I think with this film it’s more about….inner beauty?
I had quite a dim view of The Man From Laramie for the first several minutes. I’m lukewarm on Westerns as it is, and that opinion dipped even lower when the opening credits were scored by a corny choir singing the praises of the main character. They dipped even further when I finally met the mysterious “Man From Laramie” they were singing about – and saw that despite the choir claiming he was “a man with a peaceful turn of mind” and “sociable and friendly as any man could be”, our lead was kind of a jerk.
To be fair, Will Lockhart (James Stewart) has cause to be grumpy. He’s come from Laramie to the small frontier town of Coronado with three wagonloads of supplies for the general store, but is also on a more personal mission to find the guy who sold guns to the Apaches nearby; the Apaches had in turn used those guns in an ambush against an earlier wagon train, amid which his brother died.
No one seems all that knowledgeable about the matter – or interested in helping him. Coronado is largely under the sway of the biggest local rancher, Alec Waggoman (Donald Crisp); Alec had spent the past several years ruthlessly building up his ranch, using force and intimidation to buy out most other ranchers. His monopoly extends to the town businesses, including the general store run by his niece Barbara (Cathy O’Donnell). Barbara is engaged to one of Alec’s ranchhands Vic (Arthur Kennedy), but is still much kinder to Lockhart than anyone else in town.
Barbara’s cousin Dave (Alex Nicol) is a different story. He comes upon Lockhart helping himself to some salt from the salt flats near town – Barbara suggested he take some of the salt back to Laramie to trade. But the salt flats are part of the Waggoman property, and Dave sees fit to punish him for the “theft” by burning all three of his wagons and shooting half his mules before Vic can stop him. Alec later repays Lockhart for the loss, but it sets up a wedge between Lockhart and the Waggomans – and Vic, who was ostensibly supposed to be keeping an eye on Dave and whose pay gets docked to cover the loss. Vic, Barbara, and the sheriff all subtly urge Lockhart that it’s probably best if he leave town – but Lockhart is determined to find the gun runner, and his search ultimately threatens the whole Waggoman empire.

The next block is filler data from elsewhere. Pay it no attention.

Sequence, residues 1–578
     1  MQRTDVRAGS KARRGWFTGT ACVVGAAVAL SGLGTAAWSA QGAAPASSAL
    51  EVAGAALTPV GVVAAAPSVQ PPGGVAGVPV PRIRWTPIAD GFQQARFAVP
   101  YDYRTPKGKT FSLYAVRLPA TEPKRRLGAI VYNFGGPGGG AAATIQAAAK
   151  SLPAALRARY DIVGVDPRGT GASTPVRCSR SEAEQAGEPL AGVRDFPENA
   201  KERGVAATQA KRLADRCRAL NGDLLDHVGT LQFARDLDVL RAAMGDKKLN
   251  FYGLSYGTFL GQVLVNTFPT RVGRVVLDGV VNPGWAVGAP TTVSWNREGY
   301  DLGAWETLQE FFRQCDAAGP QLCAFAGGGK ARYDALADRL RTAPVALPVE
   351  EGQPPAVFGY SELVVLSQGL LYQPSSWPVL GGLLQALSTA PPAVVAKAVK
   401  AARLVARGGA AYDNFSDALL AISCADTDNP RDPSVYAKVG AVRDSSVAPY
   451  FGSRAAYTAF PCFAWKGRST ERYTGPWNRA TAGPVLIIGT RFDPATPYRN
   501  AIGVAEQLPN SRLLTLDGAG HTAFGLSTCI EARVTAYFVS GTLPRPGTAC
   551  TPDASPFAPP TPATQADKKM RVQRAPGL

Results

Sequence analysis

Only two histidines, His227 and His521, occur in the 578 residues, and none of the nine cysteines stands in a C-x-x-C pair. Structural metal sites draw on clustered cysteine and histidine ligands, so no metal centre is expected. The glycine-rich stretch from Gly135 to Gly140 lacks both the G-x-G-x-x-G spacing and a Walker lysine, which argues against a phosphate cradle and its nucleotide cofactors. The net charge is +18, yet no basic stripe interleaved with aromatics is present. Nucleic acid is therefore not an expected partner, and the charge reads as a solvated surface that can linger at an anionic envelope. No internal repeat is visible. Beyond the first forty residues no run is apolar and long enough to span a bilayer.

I’m going to be super-coy with what I mean by “the Waggoman empire” because it was the bit that most surprised me. The story of the relationships between Alec and his son Dave, Alec and “almost a son” Vic, Dave and Vic, Vic and Barabara, and the Waggomans and the town unfolded slowly; so much so that early on I felt like the film was introducing a lot of unnecessary plot threads just for the sake of keeping the story going. But screenwriters Philip Yordan and Frank Burt went on to not only tie all the threads together, but weave them into an interesting tapestry in which this “Man From Laramie” was ultimately more of a supporting player. Not that Stewart is all that idle – he’s got about three or four decent fight scenes, he crashes a Pueblo wedding, and he’s got a handful of heartfelt talks with different characters. But he’s just the story’s catalyst; the meat of the plot is all Waggoman family drama.
There’s even some comedy, thanks to Aline MacMahon as “Kate Canady” – a character I liked immediately. Kate is a rancher herself, one of the few holdouts against the Waggomans. We first see her when Lockhart and Vic get into a fistfight on Coronado’s main street; Kate is driving by in her wagon, but stops to watch, grinning ear-to-ear and enjoying it immensely. She offers Lockhart a job as a ranch hand while he’s in town, and won’t take no for an answer – popping up repeatedly for the next several scenes to make her pitch, until she is finally in a position to dangle the position as a literal get-out-of-jail-free card (long story). When Lockhart finally gives in, protesting that she’s “a hard, scheming old woman,” Kate just grins and adds “and ugly, too!” But she’s not just comic relief – Kate has her own history with the Waggomans that’s ultimately more complex than her just being the plucky holdout.
There’s one element of the film for which I may have been at a disadvantage. Director Anthony Mann chose to shoot in the then-new Cinemascope technology, showcasing the sweeping New Mexico landscape. Many critics raved about how gorgeous the film looked – but they were watching in theaters, and I was watching on my TV at home. Granted, I have a decently-sized flatscreen, but it still probably pales in comparison to what a theatrical experience would have been. So the story caught more of my attention – and pulled me in despite myself.
But they really should have ditched that God-awful theme song.